The class is a remarkable class but it is even more remarkable because it includes a special guest: the teacher’s 81-year old father Jay. This convergence of a teaching assignment, a classroom of undergraduates, and the presence of the father gives Mendelsohn an open invitation for a sustained meditation on the father-son relationship conducted under the influence of one of the most memorable father-son relationships, that of Odysseus and Telemachus. Just as Telemachus searches for information about his father, one of the great heroes of the Trojan War, Daniel (often Danny to his father) tries to plumb the meaning of his father’s life, especially the life lived prior to his marriage and fatherhood. Parents know all of their children’s lives; the children know their parents partially.

While the relationship between father and son has never been hostile, it has never been affectionate or even intimate. Jay is a scientist by training and disposition. He is a straight talker and anti-romantic. Before becoming a professor of computer science, he worked at Grumman Corporation and was working on moving object tracking software and on subparts of the lunar landing in the late 60s. But he rarely shares memories of his professional life or even his personal life as a Jewish kid growing up in Depression-era Brooklyn. Jay’s a recluse, perhaps, his son speculates, by virtue of a lonely childhood at home with a much older sibling, a younger one who is physically disabled, and an electrician father frequently away on work assignments for long stretches. Daniel prefers the example of his always- present and much more gregarious mother, a New York City public school teacher, a classy woman who seems to barely tolerate the often boorish husband.

So both father and son welcome the opportunity, the curious father because he believes that one is never to old for learning and the son because he believes the mutual exploration of the epic will serve as a can-opener for his father’s concealed past. Jay proves to be not as disruptive or embarrassing as Daniel fears. Instead, he proves to be a welcomed addition to the class, challenging the whole notion of Odysseus’s heroism by citing the frequent assistance that he and Telemachus receive from the gods, the character’s penchant for lying, and his deep distrust for the motivations of other characters, all defects that Daniel tries to turn inside out. The son is convinced that his father’s skepticism is a result of his belief that life is a struggle and the difficult path must always be walked alone. Choosing the hard way is a moral imperative for Jay, and he reads Odysseus’s decisions against this standard.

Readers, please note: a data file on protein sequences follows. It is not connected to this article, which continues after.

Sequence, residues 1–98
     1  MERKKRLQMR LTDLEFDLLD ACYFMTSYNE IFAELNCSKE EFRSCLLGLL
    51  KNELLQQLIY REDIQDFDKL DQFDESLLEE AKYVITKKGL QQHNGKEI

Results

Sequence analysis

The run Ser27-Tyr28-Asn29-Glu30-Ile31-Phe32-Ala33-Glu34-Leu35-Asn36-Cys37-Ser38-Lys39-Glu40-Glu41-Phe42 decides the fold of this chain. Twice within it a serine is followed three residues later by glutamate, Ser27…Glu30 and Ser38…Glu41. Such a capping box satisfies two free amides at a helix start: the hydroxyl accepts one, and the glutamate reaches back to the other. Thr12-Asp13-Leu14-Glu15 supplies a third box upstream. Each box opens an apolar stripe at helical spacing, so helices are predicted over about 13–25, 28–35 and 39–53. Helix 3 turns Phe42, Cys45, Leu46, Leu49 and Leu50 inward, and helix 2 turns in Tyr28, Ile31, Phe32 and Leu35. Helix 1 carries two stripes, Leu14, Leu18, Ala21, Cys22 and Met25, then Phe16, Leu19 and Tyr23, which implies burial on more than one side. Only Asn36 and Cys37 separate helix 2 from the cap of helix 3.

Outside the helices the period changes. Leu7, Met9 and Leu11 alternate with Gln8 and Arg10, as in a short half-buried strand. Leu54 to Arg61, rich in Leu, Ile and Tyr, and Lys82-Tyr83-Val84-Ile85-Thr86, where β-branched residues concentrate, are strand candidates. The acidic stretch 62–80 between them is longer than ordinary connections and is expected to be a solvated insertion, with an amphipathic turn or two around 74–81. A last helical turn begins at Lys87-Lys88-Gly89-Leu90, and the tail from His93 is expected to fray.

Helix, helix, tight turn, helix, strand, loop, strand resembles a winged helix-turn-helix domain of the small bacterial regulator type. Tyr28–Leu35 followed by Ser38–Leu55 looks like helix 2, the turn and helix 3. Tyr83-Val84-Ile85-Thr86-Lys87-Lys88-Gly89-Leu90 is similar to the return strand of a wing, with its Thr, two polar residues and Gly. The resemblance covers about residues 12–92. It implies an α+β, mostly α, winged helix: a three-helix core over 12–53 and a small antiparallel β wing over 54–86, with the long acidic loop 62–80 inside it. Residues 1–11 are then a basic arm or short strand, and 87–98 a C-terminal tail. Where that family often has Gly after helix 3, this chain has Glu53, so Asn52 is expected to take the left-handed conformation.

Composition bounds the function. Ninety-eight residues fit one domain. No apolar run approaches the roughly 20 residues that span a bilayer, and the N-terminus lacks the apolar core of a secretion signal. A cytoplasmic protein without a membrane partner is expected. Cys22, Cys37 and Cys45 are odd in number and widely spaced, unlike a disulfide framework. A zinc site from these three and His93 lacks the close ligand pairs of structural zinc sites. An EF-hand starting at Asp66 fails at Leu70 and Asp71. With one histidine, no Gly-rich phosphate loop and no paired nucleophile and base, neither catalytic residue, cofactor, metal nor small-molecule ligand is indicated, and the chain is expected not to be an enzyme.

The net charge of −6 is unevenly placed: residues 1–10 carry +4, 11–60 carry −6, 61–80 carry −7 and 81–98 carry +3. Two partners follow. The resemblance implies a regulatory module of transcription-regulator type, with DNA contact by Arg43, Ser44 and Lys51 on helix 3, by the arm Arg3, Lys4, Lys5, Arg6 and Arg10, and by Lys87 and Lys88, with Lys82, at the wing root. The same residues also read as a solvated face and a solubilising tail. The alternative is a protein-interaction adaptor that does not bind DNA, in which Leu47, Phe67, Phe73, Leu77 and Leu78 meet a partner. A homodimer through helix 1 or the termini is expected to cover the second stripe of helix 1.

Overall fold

Since Jay lives on Long Island a full 150 minutes away from Bard, he stays overnight at his son’s house before or after class. Early morning breakfasts and nightcaps give the two an opportunity to explore the Homer’s narrative and the narrative of their shared history. Additionally, at the suggestion of his graduate school mentor, Daniel invites his father on a Retracing the Odyssey summer cruise, an opportunity to visit locations thought to be the sites of the episodes in the epic. The feeble father, fearful of falling, proves to be more durable and companionable than his son thought possible.  In the final accounting, under the skin of the objective scientist beats the heart of an inquisitive and compassionate humanist. The father loves and needs stories just as much as his son.

An illness that befalls Jay spurs his son to seek out Jay’s relatives and his co-workers at Grumman to get a fuller measure of the man. He is able to solve many of the mysteries around his father, especially the “genius” father’s decisions to not accept an appointment to West Point and not to finish his dissertation. And he seeks out his students to learn about their impressions of Jay; to the person they confirm that in private conversations on trains and in coffee shops the grandfatherly Jay was deeply interested in their lives, much to the surprise of his son.

Mendelsohn’s work moves easily between literary criticism, the narrative of a professor’s, the account of a classroom experience, a travelogue, and a family memoir. It’s designed to parallel the Odyssey which interweaves the past and the present and which unexpectedly but delightfully navigates the tributaries to the major river. Foremost, its an invitation to all of its readers to gather and celebrate their own stories, informing them with stories like Homers that are the touchstones of the culture.


About Dr. Michael Cunningham

Dr. Michael Cunningham is Professor Emeritus in English.